There is still time to get ashore, I am half inclined to seize the opportunity & go. We have had a small torpedo boat cruising round us all day & her captain came aboard to see ours.

There are signs of war all round. The boom is out across the entrance to the Hamoaze (?) (naval harbor) & battleships keep steaming in & out and searchlights at night. We are to leave here at 3 a.m. in the morning. Very tired and homesick."

Next entry  |  Go to introduction

One hundred years ago this August, Ernest Shackleton rescued his crew after the failure of the Imperial Trans-Antarctic Expedition. These entries are a selection from the diary of the expedition's quartermaster Thomas Orde-Lees.

Rauner Special Collections Library in Webster Hall holds a complete transcript of the diary and the manuscript diary from March 24th, 1915, through April 16th, 1916. To see them, come to Rauner and ask to see MSS-185 or Stefansson G850 1914 .O7 1997 during normal hours of operation.  An exhibit on Shackleton’s Antarctic explorations will be on display in Rauner from July 1-September 2, 2016.

Shackleton Exhibition Poster

“For scientific discovery, give me Scott; for speed and efficiency of travel, give me Amundsen; but when you are in a hopeless situation, when you are seeing no way out, get down on your knees and pray for Shackleton.” – Raymond Priestley

In 1914, Ernest Shackleton led a crew of twenty-six Britons south to attempt the first crossing of the entire Antarctic continent. The excursion was formally titled the Imperial Trans-Arctic Expedition, but was more familiarly known as the Endurance expedition (the name of the explorers’ ship). Although the mission started with high hopes, those dreams quickly died when the Endurance became trapped in and then slowly crushed by massive shelves of sea ice.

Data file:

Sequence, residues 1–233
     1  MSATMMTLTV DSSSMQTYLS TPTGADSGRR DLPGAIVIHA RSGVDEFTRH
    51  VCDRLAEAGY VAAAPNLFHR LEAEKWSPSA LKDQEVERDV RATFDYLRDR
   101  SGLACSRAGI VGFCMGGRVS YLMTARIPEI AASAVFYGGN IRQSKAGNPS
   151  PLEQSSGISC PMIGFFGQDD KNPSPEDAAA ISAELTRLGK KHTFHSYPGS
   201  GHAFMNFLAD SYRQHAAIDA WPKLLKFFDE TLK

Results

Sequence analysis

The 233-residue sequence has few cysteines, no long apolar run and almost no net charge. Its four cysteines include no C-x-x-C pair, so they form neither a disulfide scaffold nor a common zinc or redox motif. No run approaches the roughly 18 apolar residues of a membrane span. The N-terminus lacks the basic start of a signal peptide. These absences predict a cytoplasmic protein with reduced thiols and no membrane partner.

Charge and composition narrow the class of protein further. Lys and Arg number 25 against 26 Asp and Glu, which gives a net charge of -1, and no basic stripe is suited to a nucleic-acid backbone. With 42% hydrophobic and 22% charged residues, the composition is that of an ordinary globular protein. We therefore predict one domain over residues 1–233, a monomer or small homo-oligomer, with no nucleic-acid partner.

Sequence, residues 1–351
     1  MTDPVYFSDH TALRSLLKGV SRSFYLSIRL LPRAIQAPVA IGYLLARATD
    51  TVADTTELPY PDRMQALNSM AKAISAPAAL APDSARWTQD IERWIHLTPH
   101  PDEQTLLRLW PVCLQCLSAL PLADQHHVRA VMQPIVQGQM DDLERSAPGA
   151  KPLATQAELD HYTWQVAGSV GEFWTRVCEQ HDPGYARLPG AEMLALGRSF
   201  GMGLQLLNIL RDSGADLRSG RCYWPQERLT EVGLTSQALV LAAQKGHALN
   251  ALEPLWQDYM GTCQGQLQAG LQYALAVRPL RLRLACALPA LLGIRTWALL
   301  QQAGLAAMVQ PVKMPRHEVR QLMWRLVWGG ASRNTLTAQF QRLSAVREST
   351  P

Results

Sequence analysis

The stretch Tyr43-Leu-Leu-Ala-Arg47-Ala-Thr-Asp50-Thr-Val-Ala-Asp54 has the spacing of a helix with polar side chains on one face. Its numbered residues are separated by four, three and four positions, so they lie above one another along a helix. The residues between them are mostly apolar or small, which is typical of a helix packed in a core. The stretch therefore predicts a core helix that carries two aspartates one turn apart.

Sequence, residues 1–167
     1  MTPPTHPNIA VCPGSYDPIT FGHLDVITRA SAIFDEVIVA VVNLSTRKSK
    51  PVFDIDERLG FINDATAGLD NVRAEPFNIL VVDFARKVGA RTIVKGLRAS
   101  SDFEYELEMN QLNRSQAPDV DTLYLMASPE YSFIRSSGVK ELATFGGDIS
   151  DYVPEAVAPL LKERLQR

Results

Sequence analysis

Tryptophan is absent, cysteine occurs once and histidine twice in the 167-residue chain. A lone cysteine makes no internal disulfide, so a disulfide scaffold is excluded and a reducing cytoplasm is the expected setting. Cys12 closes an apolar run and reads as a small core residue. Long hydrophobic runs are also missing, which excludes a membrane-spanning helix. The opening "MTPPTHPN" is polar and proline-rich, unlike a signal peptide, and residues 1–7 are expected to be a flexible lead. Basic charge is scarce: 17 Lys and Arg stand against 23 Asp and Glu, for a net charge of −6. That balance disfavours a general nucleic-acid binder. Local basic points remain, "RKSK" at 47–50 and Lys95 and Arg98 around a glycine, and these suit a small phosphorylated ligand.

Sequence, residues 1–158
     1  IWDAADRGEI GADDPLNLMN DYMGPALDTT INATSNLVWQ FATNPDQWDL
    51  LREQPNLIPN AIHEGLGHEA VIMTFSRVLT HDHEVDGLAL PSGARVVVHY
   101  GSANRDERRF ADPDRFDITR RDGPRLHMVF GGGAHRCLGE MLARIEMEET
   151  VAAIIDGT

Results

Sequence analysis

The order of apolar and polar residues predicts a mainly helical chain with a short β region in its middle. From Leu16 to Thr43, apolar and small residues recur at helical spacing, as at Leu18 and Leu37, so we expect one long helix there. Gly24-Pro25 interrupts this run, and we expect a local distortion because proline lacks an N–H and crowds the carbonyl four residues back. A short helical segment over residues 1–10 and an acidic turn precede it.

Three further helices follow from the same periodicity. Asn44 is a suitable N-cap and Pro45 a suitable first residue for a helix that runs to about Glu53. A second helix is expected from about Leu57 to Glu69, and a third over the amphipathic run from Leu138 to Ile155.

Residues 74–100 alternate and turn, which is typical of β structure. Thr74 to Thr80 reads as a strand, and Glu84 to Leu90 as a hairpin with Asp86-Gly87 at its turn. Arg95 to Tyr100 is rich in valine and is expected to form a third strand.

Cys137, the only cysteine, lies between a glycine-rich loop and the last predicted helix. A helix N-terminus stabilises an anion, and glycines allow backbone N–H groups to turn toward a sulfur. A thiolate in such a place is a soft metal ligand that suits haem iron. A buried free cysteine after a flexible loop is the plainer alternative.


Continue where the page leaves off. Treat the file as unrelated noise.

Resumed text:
Shackleton ultimately chose to prioritize the survival of his men over the expedition’s original goal of crossing Antarctica. After dragging three small lifeboats many miles across the ice shelf, the crew made a harrowing voyage across open water to the uninhabited Elephant Island. From there, once rescue seemed unlikely, Shackleton and five other crewmen made an eight-hundred-mile journey in a single lifeboat to a whaling station on South Georgia Island. After three abortive attempts to return by ship to Elephant Island, Shackleton eventually reached his marooned crew on August 30, 1916 and brought them home. Not a single man was lost.

One hundred years later, fifty-one Dartmouth students in Ross Virginia’s Spring 2016 “Pole to Pole” class shared their research to produce an exhibit exploring Shackleton and the Antarctica of his time. The exhibit, a learning collaboration with Rauner Special Collections Library, is installed in their Class of 1965 Galleries exhibit space from June 28th until September 2nd. In conjunction with the exhibit, Library Muse is blogging a selection of personal diary entries written by Thomas Orde-Lees, a member of the Endurance expedition, from the start of the voyage until the Elephant Island rescue. Follow along as Orde-Lees provides an intimate and candid perspective on the challenges, fears, and eventual exhilaration that defined the rescue of the Endurance’s crew.